The Eliza Doolittle Complex
I have a bit of a complex. It has to do with my appearance. And it is totally ego-centric, vain, and narcissistic. Here’s how it goes: there is a normal part of me that generally wants to look good, all the time; but another, more cunning and meticulous part of me wants me to look like I don’t care that much about my appearance. Believe me, I care. But I definitely don’t want to look like I’m trying.
Probably ever since seeing the film My Fair Lady as a kid, I have had this fantasy about being noticed by someone who recognizes that I could look a lot better than I do. A Henry Higgins if you will, but not so much a speech therapist and etiquette coach as a Clinton and Stacy team.
Granted, there is a new aspect to this situation since becoming a mother that doesn’t really allow me any time to care. And there is the fact that I adore feeling comfortable more than feeling cute. And also that I can’t really afford to have a great wardrobe & a fabulous haircut every six weeks. Plus, I was about half-tomboy as a kid (“half” because on top of playing soccer and practicing my free throw during my spare time, I loved dressing up and playing “ladies” and have tea parties with my cousin).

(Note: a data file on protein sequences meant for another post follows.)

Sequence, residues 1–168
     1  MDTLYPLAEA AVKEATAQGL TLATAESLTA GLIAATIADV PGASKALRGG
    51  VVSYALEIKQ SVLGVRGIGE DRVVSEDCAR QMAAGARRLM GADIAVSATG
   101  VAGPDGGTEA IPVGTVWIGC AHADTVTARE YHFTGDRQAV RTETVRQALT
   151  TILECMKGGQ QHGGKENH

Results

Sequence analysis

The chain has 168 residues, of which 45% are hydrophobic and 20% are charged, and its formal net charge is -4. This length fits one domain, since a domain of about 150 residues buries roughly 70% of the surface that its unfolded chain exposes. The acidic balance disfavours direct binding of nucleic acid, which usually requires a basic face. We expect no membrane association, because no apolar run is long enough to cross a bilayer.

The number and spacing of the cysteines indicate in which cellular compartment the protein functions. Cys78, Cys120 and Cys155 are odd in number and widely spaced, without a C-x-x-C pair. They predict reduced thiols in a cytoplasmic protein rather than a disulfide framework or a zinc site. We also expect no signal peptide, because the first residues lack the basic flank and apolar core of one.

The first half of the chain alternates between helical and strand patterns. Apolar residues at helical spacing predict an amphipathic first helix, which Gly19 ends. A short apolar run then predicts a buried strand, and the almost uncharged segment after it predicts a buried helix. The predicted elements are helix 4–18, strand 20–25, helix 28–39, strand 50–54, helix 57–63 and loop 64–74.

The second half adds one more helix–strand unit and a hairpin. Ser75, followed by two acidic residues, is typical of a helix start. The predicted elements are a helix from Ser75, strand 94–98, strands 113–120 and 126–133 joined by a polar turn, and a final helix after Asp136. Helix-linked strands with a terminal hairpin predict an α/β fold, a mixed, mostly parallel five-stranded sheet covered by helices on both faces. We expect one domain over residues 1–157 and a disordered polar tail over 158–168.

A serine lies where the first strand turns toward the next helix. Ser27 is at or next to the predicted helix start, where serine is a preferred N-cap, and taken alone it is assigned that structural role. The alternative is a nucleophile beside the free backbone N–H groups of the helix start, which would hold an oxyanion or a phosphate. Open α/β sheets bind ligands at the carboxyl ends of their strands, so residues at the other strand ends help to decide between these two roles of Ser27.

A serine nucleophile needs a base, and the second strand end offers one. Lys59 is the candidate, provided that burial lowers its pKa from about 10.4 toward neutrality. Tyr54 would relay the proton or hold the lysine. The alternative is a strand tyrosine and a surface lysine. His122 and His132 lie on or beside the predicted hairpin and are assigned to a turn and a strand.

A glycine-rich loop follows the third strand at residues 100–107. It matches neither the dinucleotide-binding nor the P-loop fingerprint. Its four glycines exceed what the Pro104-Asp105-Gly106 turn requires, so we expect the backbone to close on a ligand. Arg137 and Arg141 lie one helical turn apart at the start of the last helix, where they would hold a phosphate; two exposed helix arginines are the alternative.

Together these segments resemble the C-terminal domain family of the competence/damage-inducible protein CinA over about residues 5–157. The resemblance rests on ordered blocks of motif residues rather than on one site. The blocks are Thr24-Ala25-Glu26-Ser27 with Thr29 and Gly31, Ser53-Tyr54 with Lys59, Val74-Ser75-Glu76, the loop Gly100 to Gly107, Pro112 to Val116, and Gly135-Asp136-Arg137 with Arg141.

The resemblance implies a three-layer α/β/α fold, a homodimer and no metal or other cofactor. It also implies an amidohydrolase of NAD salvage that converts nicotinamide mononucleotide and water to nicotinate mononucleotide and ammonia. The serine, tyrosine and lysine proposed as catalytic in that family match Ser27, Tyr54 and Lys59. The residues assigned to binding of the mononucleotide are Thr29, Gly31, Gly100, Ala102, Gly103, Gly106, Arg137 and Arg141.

So to make a long story short, here’s a list of things I could probably do but don’t really want to:
- Wear make-up
- Shave my legs more than twice a month
- Wear heels once in a while
- Pay some attention to my nails
- Spend more than 46 seconds on my hair
- Wear some jewelry besides my wedding band
- Pluck my eyebrows more carefully and thoroughly
- Refrain from buying pants and t-shirts in the boys’ section at the store
Ok, so here is where it gets more complex. Besides wanting to be some kind of diamond in the rough, waiting to be discovered and made over, which may be partly responsible for this behavior, there is part of me that does (or doesn’t do) these things out of a kind of feminist rebellion. Part of me is simply a minimalist. And part of me has grown so accustomed to not giving the time for these things, that it has really become an issue of practicality. I mean, I already have 50 more things than I can actually accomplish on my daily to-do list. But I still have a fantasy that underneath my boyishness/sloppiness, I am stunning and that my Henry Higgins will notice that beauty and want to bring it out. Besides, what girl hasn’t wished she were Audrey Hepburn?
So what’s your personality contradiction?
(Cross-posted on my personal blog.)